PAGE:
Something for the Markets?
The other major reason why the scheme was introduced was to increase the breadth and depth of the domestic participation in the equity markets. To understand how much the investments would amount to, we did some back of the envelope calculations and found the answer to be utterly insignificant. According to a report, there are 10 million households in India earning between Rs 5-10 lakh per annum. This is the group of people who are likely to derive a maximum benefit from this scheme, and hence, are the target investors. Out of this, we assume that half of them would already have exposure to the equity market. Therefore, there will be only five million investors for the scheme. Even if all of them invest to the extent of the maximum amount available for tax deduction (i.e. Rs 50000), the sum works out to be Rs 25000 crore. This number is less than 0.5 per cent of the total market cap of the BSE 100 (one of the eligible stock selection groups) and less than 20 per cent of the FII inflows that we witnessed in the year 2012. Hence, we believe that it will effectively do very little to serve the purpose of widening the base of the equity markets.
In addition to the securities mentioned, investors can also get the benefit from the scheme by investing in Exchange Traded Funds (ETFs) and mutual funds that have invested in the RGESS-approved securities. There are currently around five fund houses that have come out with the RGESS MF schemes, and this is in all probability likely to increase in the coming months.
If media reports are to be believed, these fund houses are paying commissions as high as six per cent to garner funds under the scheme, as any equity scheme needs to collect at least Rs 10 crore in a new fund offer to keep the fund alive. This race to garner maximum amounts could prompt mis-selling, which will hurt inventors more than serving them. This is accentuated by the fact that this scheme is targeted at first time investors, whose understanding of equity investments and the risks associated with it remain largely on the lower side.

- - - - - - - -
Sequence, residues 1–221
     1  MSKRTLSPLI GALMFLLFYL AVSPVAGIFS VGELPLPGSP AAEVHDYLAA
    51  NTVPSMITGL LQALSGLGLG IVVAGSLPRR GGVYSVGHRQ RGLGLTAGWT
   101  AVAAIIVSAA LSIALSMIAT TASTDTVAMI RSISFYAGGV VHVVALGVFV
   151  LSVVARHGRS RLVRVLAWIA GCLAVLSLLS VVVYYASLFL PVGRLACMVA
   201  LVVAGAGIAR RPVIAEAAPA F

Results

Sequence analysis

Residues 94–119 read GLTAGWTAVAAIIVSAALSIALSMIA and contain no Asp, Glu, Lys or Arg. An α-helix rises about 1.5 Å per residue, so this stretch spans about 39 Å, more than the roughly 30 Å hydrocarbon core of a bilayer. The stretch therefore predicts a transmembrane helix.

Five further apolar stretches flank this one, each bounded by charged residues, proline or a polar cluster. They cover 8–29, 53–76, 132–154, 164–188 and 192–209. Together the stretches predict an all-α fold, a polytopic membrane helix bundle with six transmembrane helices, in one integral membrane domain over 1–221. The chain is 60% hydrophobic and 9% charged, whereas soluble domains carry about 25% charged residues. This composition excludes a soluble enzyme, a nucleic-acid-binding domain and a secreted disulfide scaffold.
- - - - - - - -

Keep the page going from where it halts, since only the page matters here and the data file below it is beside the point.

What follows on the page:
In view of the state of retail participation in the domestic equity market, which is at its seven year low, the stated intent of the scheme sounds credible. However, the devil lies in the details, and the complexities involved in this scheme far outweigh any benefits that will accrue from it. Therefore, we opine that the RGESS need to be fine-tuned further and the gross annual income limit of Rs 10 lakh should be enhanced such that the scheme can cover more people and more money can flow into the equity market. Also there is a need to enhance the basic amount that will be exempted through this scheme. But the most important of the lacunae that needs to be addressed is that of the lock-in period involved. Three years is a far longer period for riskier investments like equities. The market changes course overnight at times. Staying locked in for a meager tax benefit of just around Rs 5000 by putting to risk an amount which ten times that saving makes little sense. We have raised this point earlier too. It is now for the FM to decide on what is the need of the hour. As we have been saying good sense needs to prevail on him while presenting his budget on the 28th of this month. We sincerely hope the needful changes will surely be done so as to ensure that schemes like these succeed in the right earnest.